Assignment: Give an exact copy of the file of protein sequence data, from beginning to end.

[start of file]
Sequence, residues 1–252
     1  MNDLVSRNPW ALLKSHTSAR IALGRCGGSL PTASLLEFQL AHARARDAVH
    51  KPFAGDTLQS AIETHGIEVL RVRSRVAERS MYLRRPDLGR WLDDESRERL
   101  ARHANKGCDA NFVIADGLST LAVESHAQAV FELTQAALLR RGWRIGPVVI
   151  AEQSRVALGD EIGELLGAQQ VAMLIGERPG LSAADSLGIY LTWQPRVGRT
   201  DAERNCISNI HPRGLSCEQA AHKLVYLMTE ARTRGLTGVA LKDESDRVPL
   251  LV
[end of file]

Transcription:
Sequence, residues 1–252
     1  MNDLVSRNPW ALLKSHTSAR IALGRCGGSL PTASLLEFQL AHARARDAVH
    51  KPFAGDTLQS AIETHGIEVL RVRSRVAERS MYLRRPDLGR WLDDESRERL
   101  ARHANKGCDA NFVIADGLST LAVESHAQAV FELTQAALLR RGWRIGPVVI
   151  AEQSRVALGD EIGELLGAQQ VAMLIGERPG LSAADSLGIY LTWQPRVGRT
   201  DAERNCISNI HPRGLSCEQA AHKLVYLMTE ARTRGLTGVA LKDESDRVPL
   251  LV